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Open Access Research article

Evaluating the impact of scoring parameters on the structure of intra-specific genetic variation using RawGeno, an R package for automating AFLP scoring

Nils Arrigo1*, Jarek W Tuszynski2, Dorothee Ehrich3, Tommy Gerdes4 and Nadir Alvarez5

Author Affiliations

1 Laboratory of Evolutionary Botany, Institute of Biology, University of Neuchâtel, 11 rue Emile-Argand, CH-2000 Neuchâtel, Switzerland

2 Science Applications International Corporation (SAIC), 1710 SAIC Drive Suite 3155 McLean, VA 22102, USA

3 Department of Biology, University of Tromsø, N-9037 Tromsø, Norway

4 Chromosome Laboratory, Department of Clinical Genetics, Rigshospitalet, Blegdamsvej 9, Copenhagen, Denmark

5 Laboratory of Evolutionary Entomology, Institute of Biology, University of Neuchâtel, 11 rue Emile-Argand, CH-2000 Neuchâtel, Switzerland

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BMC Bioinformatics 2009, 10:33  doi:10.1186/1471-2105-10-33

Published: 26 January 2009

Abstract

Background

Since the transfer and application of modern sequencing technologies to the analysis of amplified fragment-length polymorphisms (AFLP), evolutionary biologists have included an increasing number of samples and markers in their studies. Although justified in this context, the use of automated scoring procedures may result in technical biases that weaken the power and reliability of further analyses.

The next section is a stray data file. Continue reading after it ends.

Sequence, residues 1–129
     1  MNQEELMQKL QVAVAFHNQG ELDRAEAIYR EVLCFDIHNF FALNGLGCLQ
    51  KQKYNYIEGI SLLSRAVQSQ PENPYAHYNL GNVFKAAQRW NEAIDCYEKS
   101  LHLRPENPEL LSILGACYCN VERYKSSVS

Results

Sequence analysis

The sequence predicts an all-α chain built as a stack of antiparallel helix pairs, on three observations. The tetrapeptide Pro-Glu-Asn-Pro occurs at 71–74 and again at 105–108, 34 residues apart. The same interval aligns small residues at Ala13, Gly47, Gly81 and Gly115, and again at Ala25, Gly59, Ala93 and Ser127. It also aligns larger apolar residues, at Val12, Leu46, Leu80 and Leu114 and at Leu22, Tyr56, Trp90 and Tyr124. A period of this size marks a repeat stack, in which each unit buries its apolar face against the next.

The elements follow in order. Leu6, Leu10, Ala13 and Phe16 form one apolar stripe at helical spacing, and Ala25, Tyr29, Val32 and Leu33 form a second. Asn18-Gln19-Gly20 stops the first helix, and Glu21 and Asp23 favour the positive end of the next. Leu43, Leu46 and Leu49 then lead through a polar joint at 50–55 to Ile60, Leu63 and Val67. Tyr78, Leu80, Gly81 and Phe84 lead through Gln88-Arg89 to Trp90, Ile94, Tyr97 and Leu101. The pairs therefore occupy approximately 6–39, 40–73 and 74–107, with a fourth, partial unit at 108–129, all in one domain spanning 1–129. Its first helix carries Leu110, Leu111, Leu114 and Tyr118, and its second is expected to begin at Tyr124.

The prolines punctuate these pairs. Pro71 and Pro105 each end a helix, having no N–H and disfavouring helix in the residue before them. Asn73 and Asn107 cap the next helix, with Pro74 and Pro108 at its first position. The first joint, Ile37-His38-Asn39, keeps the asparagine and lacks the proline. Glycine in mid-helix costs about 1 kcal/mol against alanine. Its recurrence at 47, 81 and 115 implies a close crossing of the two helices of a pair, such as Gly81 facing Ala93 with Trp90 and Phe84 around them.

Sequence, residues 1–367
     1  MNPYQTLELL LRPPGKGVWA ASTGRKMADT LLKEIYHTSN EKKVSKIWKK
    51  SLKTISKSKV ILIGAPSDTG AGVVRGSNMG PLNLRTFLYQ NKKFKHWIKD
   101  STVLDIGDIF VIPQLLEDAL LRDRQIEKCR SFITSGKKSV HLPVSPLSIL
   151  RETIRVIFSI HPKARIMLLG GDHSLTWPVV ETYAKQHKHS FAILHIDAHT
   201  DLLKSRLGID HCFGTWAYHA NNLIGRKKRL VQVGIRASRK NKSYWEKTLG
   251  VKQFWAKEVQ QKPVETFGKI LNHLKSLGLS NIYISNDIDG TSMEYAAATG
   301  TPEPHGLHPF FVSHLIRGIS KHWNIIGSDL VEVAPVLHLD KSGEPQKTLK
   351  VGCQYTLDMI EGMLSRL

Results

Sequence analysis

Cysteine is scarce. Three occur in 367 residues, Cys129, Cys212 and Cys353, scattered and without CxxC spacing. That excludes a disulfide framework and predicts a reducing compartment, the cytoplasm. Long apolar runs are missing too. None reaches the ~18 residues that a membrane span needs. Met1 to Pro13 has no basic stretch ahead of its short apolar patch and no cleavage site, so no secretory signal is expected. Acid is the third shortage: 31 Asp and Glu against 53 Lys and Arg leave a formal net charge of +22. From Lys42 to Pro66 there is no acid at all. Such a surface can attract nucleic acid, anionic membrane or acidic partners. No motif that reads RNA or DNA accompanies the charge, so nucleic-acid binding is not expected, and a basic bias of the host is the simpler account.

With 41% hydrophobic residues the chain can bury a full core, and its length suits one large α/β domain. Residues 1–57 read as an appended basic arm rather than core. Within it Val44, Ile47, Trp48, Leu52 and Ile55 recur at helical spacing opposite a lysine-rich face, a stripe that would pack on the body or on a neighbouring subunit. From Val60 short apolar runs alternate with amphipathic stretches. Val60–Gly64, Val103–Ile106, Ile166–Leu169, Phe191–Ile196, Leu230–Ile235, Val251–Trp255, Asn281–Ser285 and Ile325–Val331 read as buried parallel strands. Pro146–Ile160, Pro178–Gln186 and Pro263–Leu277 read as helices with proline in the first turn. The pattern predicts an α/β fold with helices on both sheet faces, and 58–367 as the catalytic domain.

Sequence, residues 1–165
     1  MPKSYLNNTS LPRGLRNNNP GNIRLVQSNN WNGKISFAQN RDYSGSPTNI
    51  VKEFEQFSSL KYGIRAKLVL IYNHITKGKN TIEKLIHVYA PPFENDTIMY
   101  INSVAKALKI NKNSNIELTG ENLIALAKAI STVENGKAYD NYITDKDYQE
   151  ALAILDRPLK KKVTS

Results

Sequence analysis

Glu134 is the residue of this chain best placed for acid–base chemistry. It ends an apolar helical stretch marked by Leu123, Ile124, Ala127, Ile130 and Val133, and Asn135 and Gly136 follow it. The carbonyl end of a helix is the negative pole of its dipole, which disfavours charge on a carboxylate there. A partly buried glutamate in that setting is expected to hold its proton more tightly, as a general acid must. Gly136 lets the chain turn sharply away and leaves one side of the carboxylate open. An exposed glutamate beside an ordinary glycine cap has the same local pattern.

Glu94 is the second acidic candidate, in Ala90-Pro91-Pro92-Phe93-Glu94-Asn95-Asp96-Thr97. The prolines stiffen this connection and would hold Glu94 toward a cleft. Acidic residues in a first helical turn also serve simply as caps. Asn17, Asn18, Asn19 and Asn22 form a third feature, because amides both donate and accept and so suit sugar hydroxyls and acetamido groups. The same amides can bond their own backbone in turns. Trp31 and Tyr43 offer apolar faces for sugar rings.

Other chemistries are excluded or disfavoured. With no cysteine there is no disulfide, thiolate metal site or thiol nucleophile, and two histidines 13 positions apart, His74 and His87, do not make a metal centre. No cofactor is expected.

Results

Using a new scoring algorithm, RawGeno, we show that scoring errors – in particular "bin oversplitting" (i.e. when variant sizes of the same AFLP marker are not considered as homologous) and "technical homoplasy" (i.e. when two AFLP markers that differ slightly in size are mistakenly considered as being homologous) – induce a loss of discriminatory power, decrease the robustness of results and, in extreme cases, introduce erroneous information in genetic structure analyses. In the present study, we evaluate several descriptive statistics that can be used to optimize the scoring of the AFLP analysis, and we describe a new statistic, the information content per bin (Ibin) that represents a valuable estimator during the optimization process. This statistic can be computed at any stage of the AFLP analysis without requiring the inclusion of replicated samples. Finally, we show that downstream analyses are not equally sensitive to scoring errors. Indeed, although a reasonable amount of flexibility is allowed during the optimization of the scoring procedure without causing considerable changes in the detection of genetic structure patterns, notable discrepancies are observed when estimating genetic diversities from differently scored datasets.

Conclusion

Our algorithm appears to perform as well as a commercial program in automating AFLP scoring, at least in the context of population genetics or phylogeographic studies. To our knowledge, RawGeno is the only freely available public-domain software for fully automated AFLP scoring, from electropherogram files to user-defined working binary matrices. RawGeno was implemented in an R CRAN package (with an user-friendly GUI) and can be found at http://sourceforge.net/projects/rawgeno webcite.